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Creating and advertising the volunteer role

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Design the volunteering role 

You need to create role descriptions in order to manage volunteers well for many reasons. In terms of safeguarding you need to think about some specific questions to make sure that you have clearly stated the safeguarding responsibilities of the role in that description.  

  • What tasks the volunteer will undertake? 
  • What specific skills, experience or qualities that are needed to ensure this is undertaken safely? 
  • What level of ongoing support and direct supervision will the role have from your organisation?
  • Does the role include engagement in likely distressing or emotionally demanding activities? What qualities and resilience are needed to manage this well given the support provided? 
  • Whether this is a short-term or long-term and how frequently someone will undertake the role?

Role risk assessment

Once those descriptions are created you can carry out a safeguarding role risk assessment. This looks at risks from the volunteer to others and risks which could be experienced by the volunteer themselves as they carry out the role.

In a safeguarding role risk assessment you need to ask several questions.

  • What activities will the volunteer carry out?
  • How often and for how long will they carry out those activities?
  • Who they will come into contact with, and what responsibilities will they have towards them? 
  • Are the volunteers or the people they will come into contact with at risk of any particular types of harm?
  • Are there any legal implications of that activity in terms of safeguarding? (Is it regulated activity, which has different criteria for children and for adults at risk, and means you should follow a more detailed safer recruitment guide)
  • Does the role have any responsibilities for training others in safeguarding?
  • Does the role have any responsibilities for receiving safeguarding concerns from others?
  • Does the role offer support and supervision to others? 
  • Will the role likely be exposed to especially challenging behaviour or emotionally demanding activities? What support can the organisation offer to help them manage this? 
  • Who does the volunteer report to if they have any safeguarding issues to raise?
  • Is this the same person they report to for day to day management of tasks or someone different?

What to do when you've assessed the risk

Your risk assessment will help you to make an informed choice about the risks and there are a range of actions you can take as a result.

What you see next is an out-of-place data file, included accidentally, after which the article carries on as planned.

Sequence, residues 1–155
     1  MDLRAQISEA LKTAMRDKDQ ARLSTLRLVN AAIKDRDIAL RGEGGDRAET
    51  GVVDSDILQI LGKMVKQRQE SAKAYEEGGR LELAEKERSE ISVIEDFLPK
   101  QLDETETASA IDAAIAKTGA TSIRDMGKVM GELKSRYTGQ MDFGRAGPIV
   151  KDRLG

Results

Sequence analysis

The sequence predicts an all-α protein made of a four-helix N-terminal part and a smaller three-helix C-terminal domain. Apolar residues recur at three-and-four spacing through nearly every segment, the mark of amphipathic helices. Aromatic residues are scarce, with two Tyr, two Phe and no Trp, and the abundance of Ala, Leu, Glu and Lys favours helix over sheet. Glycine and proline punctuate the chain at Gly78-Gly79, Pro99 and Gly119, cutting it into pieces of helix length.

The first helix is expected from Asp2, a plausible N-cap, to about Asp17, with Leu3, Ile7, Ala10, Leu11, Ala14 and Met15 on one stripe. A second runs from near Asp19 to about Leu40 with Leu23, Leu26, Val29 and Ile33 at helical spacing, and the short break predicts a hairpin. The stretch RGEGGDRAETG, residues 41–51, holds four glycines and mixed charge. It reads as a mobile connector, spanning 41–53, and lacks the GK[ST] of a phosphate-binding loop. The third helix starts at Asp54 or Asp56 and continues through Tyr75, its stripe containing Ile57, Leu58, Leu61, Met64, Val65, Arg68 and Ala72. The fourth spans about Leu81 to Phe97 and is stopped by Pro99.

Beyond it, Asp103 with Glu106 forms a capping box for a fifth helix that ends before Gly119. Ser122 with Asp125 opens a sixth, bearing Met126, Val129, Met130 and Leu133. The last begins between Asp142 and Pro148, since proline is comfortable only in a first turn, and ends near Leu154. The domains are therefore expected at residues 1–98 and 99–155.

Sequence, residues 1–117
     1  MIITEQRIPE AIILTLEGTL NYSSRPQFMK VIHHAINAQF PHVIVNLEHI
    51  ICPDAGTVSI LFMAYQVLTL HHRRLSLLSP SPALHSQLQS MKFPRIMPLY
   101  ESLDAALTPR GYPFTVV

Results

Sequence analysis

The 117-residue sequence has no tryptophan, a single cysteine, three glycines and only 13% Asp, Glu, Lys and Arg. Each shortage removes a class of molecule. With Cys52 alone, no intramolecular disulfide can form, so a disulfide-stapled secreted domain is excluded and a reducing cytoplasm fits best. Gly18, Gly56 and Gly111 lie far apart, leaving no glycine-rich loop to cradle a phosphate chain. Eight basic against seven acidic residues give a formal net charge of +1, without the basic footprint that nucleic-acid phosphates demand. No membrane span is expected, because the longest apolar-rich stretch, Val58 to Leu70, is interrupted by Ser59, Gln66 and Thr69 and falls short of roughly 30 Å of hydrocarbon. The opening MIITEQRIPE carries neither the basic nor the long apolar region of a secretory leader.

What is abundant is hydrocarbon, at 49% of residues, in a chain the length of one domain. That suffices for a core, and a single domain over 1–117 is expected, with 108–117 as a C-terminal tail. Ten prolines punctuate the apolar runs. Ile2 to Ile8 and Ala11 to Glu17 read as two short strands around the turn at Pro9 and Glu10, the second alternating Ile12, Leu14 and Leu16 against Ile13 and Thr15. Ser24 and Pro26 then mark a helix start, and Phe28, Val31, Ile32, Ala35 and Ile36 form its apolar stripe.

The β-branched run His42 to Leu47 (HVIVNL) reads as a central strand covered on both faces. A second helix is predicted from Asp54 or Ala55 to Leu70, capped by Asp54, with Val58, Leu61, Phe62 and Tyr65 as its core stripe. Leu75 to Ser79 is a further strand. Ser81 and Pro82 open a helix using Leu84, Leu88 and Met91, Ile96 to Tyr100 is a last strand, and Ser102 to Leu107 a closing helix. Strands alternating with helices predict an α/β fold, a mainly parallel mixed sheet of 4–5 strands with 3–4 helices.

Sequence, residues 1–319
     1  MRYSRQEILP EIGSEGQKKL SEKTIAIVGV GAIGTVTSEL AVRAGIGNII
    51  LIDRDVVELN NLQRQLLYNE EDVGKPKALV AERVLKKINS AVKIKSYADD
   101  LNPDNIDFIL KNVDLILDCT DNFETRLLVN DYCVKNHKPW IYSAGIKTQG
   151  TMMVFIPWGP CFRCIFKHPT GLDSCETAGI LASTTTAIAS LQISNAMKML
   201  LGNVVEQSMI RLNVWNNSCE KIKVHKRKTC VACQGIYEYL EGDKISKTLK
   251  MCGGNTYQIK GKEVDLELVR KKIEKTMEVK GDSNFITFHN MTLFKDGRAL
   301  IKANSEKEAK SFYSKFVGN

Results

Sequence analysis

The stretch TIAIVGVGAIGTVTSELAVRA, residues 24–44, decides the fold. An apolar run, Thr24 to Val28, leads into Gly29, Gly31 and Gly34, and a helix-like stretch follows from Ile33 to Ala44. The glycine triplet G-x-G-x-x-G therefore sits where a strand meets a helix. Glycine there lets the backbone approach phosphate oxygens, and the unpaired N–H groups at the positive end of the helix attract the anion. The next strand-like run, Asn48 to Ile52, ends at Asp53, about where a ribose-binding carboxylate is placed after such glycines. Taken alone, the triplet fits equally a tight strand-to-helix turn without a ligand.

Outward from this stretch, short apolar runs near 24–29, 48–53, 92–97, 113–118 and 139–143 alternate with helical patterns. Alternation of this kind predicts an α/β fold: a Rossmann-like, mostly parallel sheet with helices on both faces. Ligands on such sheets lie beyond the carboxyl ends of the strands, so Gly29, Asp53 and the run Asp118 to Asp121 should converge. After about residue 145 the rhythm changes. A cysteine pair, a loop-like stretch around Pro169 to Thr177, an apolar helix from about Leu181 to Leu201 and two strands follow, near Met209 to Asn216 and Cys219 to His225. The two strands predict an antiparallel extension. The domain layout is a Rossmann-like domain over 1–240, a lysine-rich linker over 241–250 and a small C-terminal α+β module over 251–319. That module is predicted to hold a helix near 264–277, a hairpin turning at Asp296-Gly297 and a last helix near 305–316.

• Accept the risks. This is possible if you feel that you have enough safeguards in place. 
  • Take steps to mitigate the risks. You could consider what additional training, guidance or supervision would enable the role to be filled safely. 
  • Change the role. You could look at the higher risk elements of the role and remove them and/or split the role into different roles which makes managing the risks differently.
  • Not recruit into that role. Where the safeguarding risks are significant and you cannot mitigate them or change the role you must stop and not recruit.
  • Partner with others. You could find a partner organisation with the right skills, experience or capacity to manage the risks with you

Advertising a role

Your relationship with your volunteers is important. That relationship begins as soon as a volunteer reads about or hears about a role you have to offer. You should make sure that they understand your organisation’s commitment to safeguarding as soon as they understand the role you are offering. This will reassure volunteers who want to work for an organisation that keeps people safe. It can also play a role in discouraging people who would want to cause harm.  

Whether you advertise your volunteer roles via a flyer, an email to donors, a handout for existing volunteers to pass on or even a press campaign there are things that you should make clear. You can split your information between the initial advert and a recruitment pack or information you send out when people first respond. The more risk that the role will manage, the more information a volunteer will need to make an informed choice to volunteer. 

You should always advertise roles in some way. If you rely only by word of mouth from volunteer to volunteer you increase the risk that a volunteer who intends to cause harm will recruit other people with the same intentions.

Key things to consider from a safeguarding perspective when advertising a role.

  • Show your commitment to safeguarding. This could include a link to your organisations safeguarding policy and mentioning whether a DBS check is required for this role (and at what level). You should mention that they will undertake safeguarding training and follow your code of conduct as a condition of volunteering.
  • Be open about references. Tell people whether you will be seeking references. Give them details of what kind of references and who you might seek them from
  • Explain the next steps. Tell people if you require specific safeguarding skills or knowledge and explain how these requirements will be explored during any selection process 
Page last edited Oct 03, 2019

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